The 4 Pillars of Health: Live Your Best Life

4 pillars pic

When I’m asked, “Whats the best thing to do for ________ “. The last word of that question usually falls into one of four categories. These four categories are what I like to call the “Pillars of Health”. People come to the Training Room in order to improve themselves and that doesn’t stop at learning how to correctly go about strength training. As coaches it is our responsibility to educate everyone we come in contact with on the 4 Pillars of Health and how working to improve each one can lead to living your best life. Here’s to feeling good all the time! (obligatory Seinfeld reference)

What exactly are the 4 Pillars of Health?

  1. Sleep
  2. Stress Management
  3. Nutrition
  4. Exercise

In order to put the best version of yourself out there it is imperative to get familiar with these four areas and how you can go about improving each one individually. This is something I will cover more in-depth in my book “The Pillars of Health: Live Your Best Life” at a later date, but today lets take a little preview.



If only this was as easy as “get more sleep”. As humans we are creatures of habit and we have daily, hourly habits that define us. The hardest and most difficult step in the sleep department is creating a set bed time. With the increased availability of information through our handheld electronic devices we are seeing people who were already stressed out now transforming into someone who can never “switch off”. The always on crowd are never too far away from a screen and they tend to carry a lot of stress to boot. Basically they have no “off” button. This can be difficult as we need that off button when it comes to recovering from stress and life in general.

“Prioritize Your Life before Someone Else Does”

Having a set bedtime is something I picked up from Craig Ballantyne. Holding yourself accountable to making sure you go to bed on time can be one of if not the most self prioritizing things you can do. Basically, good quality sleep enables us to do more, that means take on more stress and also more than likely excel in the things we are doing. Creating a set bedtime is tough for a lot of people and starting off I recommend you do not try going cold turkey. If you usually turn in at midnight, aiming for 10pm may be a long shot. Instead wind it back 15-30 minutes to begin. The light you’re staring at all day and night interrupts your sleep schedule and tells your brain it is not to go to sleep.

Sleep Tip: “I have so much work to do” is a line frequently used to justify not getting enough sleep. Think about investing in your current and future self with more sleep and persuade yourself the work can wait. In reality, it really can.

Stress Management

The good news is we are in control of what we perceive as stressful. The bad news is we have gotten to the point that almost everything is stressing us. Read “Why Zebras Dont Get Ulcers” for a more in-depth look at stress. I also wrote a book review with some main points outlined. “My wi-fi isn’t working, Starbucks is closed, traffic is awful, I look fat”, yada yada yada. You get the point. It’s time to put life in perspective. What are you doing to relax or tone down? As Pat Davidson says, most of us are walking around “toned up from the bone up” and he is correct.

Here are some things we can incorporate in order to manage stress more effectively.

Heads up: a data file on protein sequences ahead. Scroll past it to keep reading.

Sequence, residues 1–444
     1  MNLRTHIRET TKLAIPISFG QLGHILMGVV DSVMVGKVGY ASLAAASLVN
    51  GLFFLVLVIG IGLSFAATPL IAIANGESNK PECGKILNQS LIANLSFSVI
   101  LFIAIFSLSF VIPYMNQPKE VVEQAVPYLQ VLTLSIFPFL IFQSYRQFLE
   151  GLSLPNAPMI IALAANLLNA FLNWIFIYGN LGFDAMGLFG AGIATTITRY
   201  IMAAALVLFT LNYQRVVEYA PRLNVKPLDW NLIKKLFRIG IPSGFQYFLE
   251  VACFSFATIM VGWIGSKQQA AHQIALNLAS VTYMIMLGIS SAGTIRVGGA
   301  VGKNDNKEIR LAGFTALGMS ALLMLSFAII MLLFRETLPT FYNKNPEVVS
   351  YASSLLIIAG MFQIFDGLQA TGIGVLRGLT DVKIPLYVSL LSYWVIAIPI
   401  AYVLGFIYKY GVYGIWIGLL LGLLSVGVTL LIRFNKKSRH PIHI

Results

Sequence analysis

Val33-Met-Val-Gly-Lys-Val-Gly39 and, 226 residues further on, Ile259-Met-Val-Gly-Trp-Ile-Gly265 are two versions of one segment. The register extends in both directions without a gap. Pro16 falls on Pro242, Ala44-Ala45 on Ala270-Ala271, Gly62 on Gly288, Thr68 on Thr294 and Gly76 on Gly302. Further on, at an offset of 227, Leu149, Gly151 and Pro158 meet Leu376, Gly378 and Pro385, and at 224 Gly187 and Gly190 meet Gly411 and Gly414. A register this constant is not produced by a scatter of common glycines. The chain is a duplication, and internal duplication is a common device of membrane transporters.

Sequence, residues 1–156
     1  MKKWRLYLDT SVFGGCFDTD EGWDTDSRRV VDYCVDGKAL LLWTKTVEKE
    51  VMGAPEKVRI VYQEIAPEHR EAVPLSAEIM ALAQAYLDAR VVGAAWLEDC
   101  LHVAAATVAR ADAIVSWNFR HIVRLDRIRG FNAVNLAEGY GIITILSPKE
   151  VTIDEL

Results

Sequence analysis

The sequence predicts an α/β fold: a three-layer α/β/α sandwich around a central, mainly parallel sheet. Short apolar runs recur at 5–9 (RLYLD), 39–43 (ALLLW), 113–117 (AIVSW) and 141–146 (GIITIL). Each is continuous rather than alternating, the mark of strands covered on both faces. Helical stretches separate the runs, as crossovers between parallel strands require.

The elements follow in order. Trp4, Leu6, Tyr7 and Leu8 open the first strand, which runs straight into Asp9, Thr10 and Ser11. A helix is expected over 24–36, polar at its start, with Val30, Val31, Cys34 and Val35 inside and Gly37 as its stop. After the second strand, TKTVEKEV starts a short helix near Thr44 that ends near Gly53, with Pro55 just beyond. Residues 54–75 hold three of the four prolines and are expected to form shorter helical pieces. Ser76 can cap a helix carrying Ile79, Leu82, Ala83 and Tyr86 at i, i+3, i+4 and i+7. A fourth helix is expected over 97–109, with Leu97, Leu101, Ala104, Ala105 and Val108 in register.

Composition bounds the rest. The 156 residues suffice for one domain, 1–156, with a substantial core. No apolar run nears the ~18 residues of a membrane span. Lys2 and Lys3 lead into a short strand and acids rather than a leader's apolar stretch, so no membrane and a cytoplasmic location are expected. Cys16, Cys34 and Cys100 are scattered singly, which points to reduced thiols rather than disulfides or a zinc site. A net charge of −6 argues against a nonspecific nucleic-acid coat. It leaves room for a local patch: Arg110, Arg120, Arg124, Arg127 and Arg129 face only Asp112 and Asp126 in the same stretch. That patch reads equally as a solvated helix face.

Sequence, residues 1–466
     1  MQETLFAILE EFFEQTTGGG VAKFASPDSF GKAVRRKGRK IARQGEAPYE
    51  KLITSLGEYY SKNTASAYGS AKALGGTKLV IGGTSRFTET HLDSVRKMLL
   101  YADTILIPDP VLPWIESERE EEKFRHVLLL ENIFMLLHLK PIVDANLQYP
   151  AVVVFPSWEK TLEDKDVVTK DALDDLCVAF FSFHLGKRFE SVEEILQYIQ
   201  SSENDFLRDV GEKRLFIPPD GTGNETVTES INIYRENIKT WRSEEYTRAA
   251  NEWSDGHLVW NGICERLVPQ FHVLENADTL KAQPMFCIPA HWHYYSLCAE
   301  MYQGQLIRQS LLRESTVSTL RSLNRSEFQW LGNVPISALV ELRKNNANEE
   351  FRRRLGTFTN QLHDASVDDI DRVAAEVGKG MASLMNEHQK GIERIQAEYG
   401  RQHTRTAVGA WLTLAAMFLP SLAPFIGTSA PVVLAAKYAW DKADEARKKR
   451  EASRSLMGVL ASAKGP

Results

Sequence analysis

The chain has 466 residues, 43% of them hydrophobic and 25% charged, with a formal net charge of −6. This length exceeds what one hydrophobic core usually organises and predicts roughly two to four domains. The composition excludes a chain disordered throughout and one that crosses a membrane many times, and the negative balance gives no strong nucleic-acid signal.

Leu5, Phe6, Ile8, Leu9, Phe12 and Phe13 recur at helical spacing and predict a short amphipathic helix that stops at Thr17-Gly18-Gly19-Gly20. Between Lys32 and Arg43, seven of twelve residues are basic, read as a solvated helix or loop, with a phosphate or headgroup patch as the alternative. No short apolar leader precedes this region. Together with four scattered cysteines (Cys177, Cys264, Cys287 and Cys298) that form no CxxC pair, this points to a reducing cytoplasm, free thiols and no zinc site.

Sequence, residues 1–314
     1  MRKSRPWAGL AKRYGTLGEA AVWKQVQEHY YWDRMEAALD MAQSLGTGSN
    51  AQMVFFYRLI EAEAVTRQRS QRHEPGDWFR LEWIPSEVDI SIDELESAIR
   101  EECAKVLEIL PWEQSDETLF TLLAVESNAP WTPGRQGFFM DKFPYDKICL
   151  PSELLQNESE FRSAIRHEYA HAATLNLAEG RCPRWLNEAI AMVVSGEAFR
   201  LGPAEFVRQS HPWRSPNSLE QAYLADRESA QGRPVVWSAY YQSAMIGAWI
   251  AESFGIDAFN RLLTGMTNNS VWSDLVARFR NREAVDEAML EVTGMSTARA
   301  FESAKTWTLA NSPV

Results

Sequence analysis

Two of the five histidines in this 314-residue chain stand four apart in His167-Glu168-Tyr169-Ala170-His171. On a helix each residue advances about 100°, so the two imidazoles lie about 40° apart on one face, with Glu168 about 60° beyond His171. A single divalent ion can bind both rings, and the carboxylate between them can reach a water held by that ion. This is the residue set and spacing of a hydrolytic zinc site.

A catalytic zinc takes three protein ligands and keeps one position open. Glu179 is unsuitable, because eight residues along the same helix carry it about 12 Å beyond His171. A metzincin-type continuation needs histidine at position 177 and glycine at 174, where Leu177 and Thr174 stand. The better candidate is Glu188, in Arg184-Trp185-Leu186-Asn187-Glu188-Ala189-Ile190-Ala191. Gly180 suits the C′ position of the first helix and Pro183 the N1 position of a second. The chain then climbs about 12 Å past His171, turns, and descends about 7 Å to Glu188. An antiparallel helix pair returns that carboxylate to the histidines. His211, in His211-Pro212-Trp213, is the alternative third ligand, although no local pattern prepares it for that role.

A – Take time on weekends to reflect in peace and quiet/in nature

B – Change perception of stressful events. Consider this a long term approach.

C – Breathe at the beginning and end of our day (PRI techniques are beneficial here)

Also, go on vacation more! (The USA – the only country where how busy you are is a medal of honor. Last time I checked those medals were not being issued but good luck with that.)


The food we consume can play a huge role in continuing the “Inflammation Cycle” as Joel Jamieson puts it. If you are overweight or in pain there’s a good chance you are in that cycle. In order to reduce inflammation I recommend a simple supplement regimen once you’ve consulted with a  medical physician that the following is okay.

-Fish oil


From there we can look at food that will aid us in what we do everyday not throw us further into inflammation. Staying away from fried food, processed foods, foods cooked in canola oil and sugar can go a long way towards getting someone back to being pain free or losing weight. I wrote an article on the ABCDS of Nutrition a while back and it is relevant here. Pick one area to focus on and look to decrease intake in that one area before moving on to include more than one area to focus on.

inflammation cycle
From Joel Jamieson’s “Certified Conditioning Coach” course


When it comes to exercise the lines have been blurred. Exercise is a celebration of being alive, a chance to move in the fundamental movement patterns – hinge, squat, push, pull, carry…… you get the picture. Exercise is a chance to deposit into the movement bank, moderate deposits are highly recommended here as this is a long term investment into your long term health as the main beneficiary.

Exercise is NOT  an offset to a weekend of bad eating habits. It is not something that you can go all out with for six months and then quit and expect to see long term results. Consistent moderate deposits is the key going forward. Make it a lifestyle habit not a new years resolution.

In Summary….

Combining the best of the 4 Pillars of Health will lead to a better you, a more enjoyable life and less time lost to things you’d rather not be doing. Whether your goal in the gym is weight loss, strength or just feeling good all the time ala Cosmo Kramer, incorporating the better approach through the pillars will lead you to better results down the line.


Take one element of the 4 pillars and see how you do over the course of a month. A better you is not too far away.

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